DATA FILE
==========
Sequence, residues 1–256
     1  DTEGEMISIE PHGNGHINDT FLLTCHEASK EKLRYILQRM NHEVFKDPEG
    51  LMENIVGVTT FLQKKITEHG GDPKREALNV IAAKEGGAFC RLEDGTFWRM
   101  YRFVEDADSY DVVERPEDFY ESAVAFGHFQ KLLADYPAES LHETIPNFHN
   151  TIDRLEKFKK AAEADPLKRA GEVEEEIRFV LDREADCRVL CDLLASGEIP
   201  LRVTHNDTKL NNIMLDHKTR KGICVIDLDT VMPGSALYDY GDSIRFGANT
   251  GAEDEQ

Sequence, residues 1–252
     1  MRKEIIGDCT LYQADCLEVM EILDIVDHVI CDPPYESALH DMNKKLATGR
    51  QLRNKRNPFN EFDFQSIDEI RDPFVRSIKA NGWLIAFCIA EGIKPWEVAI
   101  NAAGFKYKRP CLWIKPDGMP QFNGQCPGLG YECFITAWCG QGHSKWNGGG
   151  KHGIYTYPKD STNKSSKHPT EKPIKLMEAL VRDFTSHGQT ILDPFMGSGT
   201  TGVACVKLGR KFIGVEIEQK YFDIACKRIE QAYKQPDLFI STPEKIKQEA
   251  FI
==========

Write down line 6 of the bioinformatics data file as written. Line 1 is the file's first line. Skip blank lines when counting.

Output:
   201  LRVTHNDTKL NNIMLDHKTR KGICVIDLDT VMPGSALYDY GDSIRFGANT